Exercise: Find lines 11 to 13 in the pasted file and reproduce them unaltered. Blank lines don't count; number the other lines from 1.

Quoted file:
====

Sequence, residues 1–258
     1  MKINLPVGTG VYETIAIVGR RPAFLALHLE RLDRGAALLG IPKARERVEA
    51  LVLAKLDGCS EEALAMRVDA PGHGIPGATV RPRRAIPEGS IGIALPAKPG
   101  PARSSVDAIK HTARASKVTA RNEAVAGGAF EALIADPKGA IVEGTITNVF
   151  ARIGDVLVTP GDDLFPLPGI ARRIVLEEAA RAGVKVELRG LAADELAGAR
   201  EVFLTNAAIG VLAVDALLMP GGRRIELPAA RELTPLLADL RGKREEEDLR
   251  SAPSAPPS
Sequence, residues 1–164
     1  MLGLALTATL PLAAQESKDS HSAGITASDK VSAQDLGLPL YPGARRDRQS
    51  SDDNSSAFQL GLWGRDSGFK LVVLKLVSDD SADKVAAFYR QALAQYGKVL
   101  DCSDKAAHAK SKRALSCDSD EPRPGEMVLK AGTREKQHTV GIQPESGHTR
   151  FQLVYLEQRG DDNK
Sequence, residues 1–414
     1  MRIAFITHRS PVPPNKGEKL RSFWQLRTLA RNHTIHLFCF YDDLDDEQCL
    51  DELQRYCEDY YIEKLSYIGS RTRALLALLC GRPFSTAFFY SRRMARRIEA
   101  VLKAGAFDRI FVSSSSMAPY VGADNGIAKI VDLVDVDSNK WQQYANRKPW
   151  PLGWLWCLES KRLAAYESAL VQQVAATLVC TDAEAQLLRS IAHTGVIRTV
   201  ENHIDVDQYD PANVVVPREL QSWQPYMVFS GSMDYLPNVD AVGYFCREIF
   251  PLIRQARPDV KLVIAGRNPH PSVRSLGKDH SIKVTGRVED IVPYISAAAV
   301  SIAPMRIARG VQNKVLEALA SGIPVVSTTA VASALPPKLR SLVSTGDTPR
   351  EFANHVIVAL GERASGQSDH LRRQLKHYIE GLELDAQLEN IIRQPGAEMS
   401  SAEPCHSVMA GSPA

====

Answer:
   101  DCSDKAAHAK SKRALSCDSD EPRPGEMVLK AGTREKQHTV GIQPESGHTR
   151  FQLVYLEQRG DDNK
Sequence, residues 1–414